this period of the base which they had established at Dorstad. When
merchant elements established themselves in the Altstadt of Cologne the
texts distinguish among them two groups separate from the rest, the Jews
and the Frisians.
If, at the outset, the Christian merchants did not show to much ad-
vantage, they soon had at their disposal an almost limitless source of re-
cruitment. From the mass of the population originally engaged in agri-
culture, there emerged everywhere individuals driven to seek a liveli-
hood, and even wealth, by their enterprising spirit and by their shrewd
ability to profit by circumstances. Whereas die Jews founded settlements
only in a small number of places, the Christians, above all in Germany,
not only set up alongside them, but established themselves elsewhere on
their own at the very beginnings of the great majority of the towns. Even
at an early stage one can detect signs of that move to drive the Jews back
to the periphery of economic life which was to continue in Europe until
the end of the Middle Ages.
V. The Permanent Establishment of the Merchants
in the Towns
The immigration of the merchants into the embryonic towns is a
phenomenon which continued for centuries. The birth of trading towns
is spread over the greater part of the Middle Ages and the first centres of
urban life were relatively few. They are encountered above all in two
zones of the west: in the south, in Italy, and certain other coastal regions
of the Mediterranean; in the north, along the Scheldt, Meuse and Rhine,
facing England.
In the south, the development of colonies of merchants continued
without interruption from the very beginning of the renaissance of mari-
time traffic. In the north there are more ups and downs in their history.
Even though one must beware of attaching too much importance to
Bede's words, in which he describes London as multorum emporium popu-
lorum terra marique venientium, one is none the less struck by the fact that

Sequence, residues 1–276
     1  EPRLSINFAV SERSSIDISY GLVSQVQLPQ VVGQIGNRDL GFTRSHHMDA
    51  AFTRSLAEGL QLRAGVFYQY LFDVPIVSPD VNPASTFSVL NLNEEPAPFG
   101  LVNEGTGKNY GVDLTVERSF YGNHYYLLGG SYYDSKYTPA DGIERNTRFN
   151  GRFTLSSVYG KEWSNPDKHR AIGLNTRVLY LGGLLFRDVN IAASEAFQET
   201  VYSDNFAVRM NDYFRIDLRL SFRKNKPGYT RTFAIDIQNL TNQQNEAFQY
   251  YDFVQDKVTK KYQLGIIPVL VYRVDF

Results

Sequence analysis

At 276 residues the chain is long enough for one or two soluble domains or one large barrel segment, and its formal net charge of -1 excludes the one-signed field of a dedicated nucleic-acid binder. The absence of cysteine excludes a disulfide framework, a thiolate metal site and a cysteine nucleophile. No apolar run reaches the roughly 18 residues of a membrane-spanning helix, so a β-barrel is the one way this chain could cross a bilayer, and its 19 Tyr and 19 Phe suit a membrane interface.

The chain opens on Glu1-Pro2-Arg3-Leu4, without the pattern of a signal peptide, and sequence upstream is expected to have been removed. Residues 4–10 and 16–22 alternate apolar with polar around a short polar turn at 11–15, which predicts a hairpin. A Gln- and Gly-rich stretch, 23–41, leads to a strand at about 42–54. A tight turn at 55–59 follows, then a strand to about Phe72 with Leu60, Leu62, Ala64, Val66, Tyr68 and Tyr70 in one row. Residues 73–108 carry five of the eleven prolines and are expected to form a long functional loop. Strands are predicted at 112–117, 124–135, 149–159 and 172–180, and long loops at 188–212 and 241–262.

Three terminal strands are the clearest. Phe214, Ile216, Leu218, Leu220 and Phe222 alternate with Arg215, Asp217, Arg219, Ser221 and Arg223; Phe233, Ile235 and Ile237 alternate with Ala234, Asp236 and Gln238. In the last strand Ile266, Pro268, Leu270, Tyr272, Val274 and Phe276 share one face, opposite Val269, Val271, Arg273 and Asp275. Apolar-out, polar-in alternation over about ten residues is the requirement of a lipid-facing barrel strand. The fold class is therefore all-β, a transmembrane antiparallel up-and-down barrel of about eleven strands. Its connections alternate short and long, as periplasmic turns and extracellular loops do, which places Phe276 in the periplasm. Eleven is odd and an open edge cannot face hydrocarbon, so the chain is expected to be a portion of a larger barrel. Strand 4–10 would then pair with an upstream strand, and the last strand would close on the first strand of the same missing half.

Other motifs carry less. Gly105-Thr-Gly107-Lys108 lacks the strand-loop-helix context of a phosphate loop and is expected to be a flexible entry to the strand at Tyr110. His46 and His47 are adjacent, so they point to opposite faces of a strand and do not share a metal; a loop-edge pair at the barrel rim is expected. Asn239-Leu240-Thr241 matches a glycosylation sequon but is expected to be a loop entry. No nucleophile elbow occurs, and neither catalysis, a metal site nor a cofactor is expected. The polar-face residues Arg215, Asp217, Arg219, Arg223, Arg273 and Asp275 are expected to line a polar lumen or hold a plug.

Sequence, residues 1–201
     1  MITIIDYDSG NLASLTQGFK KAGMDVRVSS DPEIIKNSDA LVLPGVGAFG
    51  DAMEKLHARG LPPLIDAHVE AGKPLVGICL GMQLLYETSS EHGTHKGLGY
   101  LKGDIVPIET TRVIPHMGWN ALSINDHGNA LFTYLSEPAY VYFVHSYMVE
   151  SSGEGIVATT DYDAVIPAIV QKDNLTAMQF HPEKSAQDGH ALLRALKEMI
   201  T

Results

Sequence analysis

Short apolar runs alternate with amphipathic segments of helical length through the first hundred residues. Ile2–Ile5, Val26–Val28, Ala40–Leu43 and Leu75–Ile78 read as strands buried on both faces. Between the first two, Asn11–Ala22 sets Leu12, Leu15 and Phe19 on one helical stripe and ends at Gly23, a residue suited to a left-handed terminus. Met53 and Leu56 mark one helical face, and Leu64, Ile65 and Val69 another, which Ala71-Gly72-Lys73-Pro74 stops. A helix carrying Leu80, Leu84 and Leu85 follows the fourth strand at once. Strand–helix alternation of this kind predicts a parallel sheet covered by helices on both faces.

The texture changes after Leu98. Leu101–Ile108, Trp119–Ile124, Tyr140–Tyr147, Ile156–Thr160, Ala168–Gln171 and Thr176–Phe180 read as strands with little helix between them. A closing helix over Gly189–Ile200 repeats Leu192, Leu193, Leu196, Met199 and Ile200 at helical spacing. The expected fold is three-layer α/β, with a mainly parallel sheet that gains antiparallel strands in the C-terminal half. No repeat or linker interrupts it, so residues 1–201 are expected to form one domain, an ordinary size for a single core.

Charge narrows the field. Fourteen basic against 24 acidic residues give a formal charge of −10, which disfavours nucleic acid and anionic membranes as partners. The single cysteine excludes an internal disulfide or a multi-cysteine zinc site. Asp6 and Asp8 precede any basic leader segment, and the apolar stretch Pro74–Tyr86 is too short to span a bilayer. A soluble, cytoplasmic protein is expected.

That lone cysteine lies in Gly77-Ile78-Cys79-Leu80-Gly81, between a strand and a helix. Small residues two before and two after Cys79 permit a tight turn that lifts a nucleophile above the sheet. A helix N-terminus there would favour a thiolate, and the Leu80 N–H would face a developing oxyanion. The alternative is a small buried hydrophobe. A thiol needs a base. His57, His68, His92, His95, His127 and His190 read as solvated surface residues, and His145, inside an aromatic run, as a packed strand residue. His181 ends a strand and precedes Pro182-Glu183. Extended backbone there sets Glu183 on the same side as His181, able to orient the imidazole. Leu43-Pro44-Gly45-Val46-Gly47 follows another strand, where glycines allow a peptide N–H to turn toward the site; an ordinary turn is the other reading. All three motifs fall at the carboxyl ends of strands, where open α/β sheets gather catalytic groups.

long before the Norse invasions several places in the north of Europe are
termed portus, a name which necessarily implies commercial activity.
This is true of Dinant and of Huy on the Meuse, of Cambrai and of
Valenciennes on the Scheldt. Dorstad, at the point at which the Rhine
divides into the Lek and the Kromme Rijn, and Quentowic, at the mouth
of the Canche, were already flourishing at the end of the Merovingian
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period. Later additions to this list were Rouen on the Seine, Amiens on
the Somme, Tournai and Ghent, both on the Scheldt, the last named
locality being styledportus in a text of 850-75. On the Meuse appeared
Maastricht, Namur and, above all, Verdun, known for the profitable
slave-trade its merchants conducted with Spain.
In the ninth century the first place was still held by Quentowic and by
Dorstad. The first town commanded the greater part of the continental
traffic with England. Dorstad was the main commercial centre of the
Frisians. This trading people founded new colonies along the Rhine: thus
they may claim the credit for the creation of the merchant city of Mainz
where in 866 we hear of a quarter inhabited by Frisians and located at the
confluence of the Rhine and Main.
To the localities already enumerated may perhaps be added a certain
number of the places referred to by the word wik, whether this element
formed part of their names (Schleswig, beginning of ninth century,